The state tried to pass an amendment to remove this clause in 2016, but the amendment failed because the wording on the ballot was so confusing that people weren’t sure whether they would be voting for or against.  The state finally got it right this year with …

“Shall there be an amendment to the Colorado constitution that prohibits slavery and involuntary servitude as punishment for a crime and thereby prohibits slavery and involuntary servitude in all circumstances?”

It passed with overwhelming bipartisan support … 65%.  Um … so 35% want to keep the potential for slavery?  Sigh.  Some things just die hard.  It’s Colorado, the state that turned down increased educational spending.

Tough on guns …

The voters in Washington State deserve a two-thumbs-up and an ‘attaboy’ from us all, for on Tuesday, they passed one of the toughest gun regulations in the country with a 60% margin.  The measure will raise the legal age to buy semi-automatic rifles to 21. To obtain such weapons, people will need to pass an enhanced background check, take a training course and wait 10 business days after a purchase.  In addition, they will enact a storage law. Gun owners who don’t secure their firearms with devices such as a trigger lock or safe could be charged with gross misdemeanor or felony “community endangerment” crimes for allowing prohibited people (such as children) to access and display or use the weapons.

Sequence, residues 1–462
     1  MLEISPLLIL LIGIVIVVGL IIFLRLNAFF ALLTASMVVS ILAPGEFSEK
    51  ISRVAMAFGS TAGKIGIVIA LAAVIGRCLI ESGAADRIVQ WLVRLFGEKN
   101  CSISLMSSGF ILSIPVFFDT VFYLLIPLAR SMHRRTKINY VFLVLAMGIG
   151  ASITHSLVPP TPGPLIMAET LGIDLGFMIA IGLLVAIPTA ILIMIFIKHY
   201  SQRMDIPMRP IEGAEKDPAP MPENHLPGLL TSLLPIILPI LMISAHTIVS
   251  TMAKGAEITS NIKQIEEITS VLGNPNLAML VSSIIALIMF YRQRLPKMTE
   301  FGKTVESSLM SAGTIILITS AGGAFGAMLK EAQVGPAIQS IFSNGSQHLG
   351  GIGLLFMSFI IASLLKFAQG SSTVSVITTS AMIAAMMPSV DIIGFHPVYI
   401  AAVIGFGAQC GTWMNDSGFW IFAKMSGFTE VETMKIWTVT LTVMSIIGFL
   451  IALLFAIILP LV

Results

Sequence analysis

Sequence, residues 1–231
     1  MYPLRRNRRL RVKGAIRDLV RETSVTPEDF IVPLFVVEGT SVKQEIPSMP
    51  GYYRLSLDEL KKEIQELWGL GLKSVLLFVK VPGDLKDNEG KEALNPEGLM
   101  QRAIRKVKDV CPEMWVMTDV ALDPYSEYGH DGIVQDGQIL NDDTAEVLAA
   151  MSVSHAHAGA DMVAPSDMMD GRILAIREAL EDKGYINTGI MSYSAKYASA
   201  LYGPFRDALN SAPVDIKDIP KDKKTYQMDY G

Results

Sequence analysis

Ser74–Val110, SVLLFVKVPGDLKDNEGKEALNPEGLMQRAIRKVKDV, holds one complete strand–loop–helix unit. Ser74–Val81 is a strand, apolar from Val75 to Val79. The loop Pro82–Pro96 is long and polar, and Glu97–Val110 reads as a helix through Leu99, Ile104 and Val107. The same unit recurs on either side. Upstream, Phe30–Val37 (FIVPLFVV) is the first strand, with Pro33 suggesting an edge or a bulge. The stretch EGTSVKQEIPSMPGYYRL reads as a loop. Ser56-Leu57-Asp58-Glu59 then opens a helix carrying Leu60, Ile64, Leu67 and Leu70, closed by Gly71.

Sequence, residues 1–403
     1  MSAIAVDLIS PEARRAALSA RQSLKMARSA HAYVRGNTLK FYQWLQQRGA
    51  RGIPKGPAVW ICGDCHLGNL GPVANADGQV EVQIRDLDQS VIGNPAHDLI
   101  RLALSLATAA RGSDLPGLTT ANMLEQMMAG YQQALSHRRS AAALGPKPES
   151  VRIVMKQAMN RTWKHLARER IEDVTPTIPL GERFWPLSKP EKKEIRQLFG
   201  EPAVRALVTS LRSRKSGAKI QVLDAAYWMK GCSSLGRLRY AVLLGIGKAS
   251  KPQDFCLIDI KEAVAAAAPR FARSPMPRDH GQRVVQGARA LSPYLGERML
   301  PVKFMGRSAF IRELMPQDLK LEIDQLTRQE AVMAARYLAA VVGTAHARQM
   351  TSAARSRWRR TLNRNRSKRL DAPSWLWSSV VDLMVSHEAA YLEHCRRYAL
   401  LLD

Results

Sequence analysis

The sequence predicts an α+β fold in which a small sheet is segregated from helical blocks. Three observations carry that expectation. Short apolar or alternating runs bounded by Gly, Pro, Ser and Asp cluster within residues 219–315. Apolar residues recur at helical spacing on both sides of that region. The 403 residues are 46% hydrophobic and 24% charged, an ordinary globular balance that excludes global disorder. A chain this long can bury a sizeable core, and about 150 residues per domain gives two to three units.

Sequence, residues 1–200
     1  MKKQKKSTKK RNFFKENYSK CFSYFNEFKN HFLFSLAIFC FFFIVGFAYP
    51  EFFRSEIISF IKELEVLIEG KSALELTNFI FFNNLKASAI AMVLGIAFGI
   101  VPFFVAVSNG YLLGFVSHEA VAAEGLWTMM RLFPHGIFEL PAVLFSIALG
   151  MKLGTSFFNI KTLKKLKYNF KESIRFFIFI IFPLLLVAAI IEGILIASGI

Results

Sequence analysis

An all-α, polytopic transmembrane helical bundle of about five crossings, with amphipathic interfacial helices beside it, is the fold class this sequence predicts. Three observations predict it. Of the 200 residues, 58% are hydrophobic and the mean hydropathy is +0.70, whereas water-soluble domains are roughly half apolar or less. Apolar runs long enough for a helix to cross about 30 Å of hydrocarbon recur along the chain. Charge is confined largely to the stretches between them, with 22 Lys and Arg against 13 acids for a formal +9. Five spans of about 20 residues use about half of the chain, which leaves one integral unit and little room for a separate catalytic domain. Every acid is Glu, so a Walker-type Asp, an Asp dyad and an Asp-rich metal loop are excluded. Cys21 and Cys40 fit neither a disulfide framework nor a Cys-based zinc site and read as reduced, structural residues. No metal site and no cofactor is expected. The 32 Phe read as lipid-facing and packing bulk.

A group funded by the NRA (go figure) called Citizens Committee for the Right to Keep and Bear Arms has announced its intention to sue in an attempt to block the measure.  Let us hope there are some sensible judges in Washington State.

On restoring voter’s rights …

Florida voters have approved a ballot initiative which provides former felons with the right to vote, re-enfranchising 1.4 million people.  I applaud this one with all of my hands.  I know there are many of you who disagree with me on this issue, but my thoughts are that a person who commits a felony is nonetheless still a citizen of this nation … he or she should still have a voice in the way the nation is run and who does the running.  The ‘punishment’ for their crime is, as meted out by the courts, imprisonment or probation, but does not include revocation of citizenship.  Especially when you consider how many convicted felons’ only crime was drug-related.  So, I am thrilled that Florida took the initiative and hope to see more states follow suit.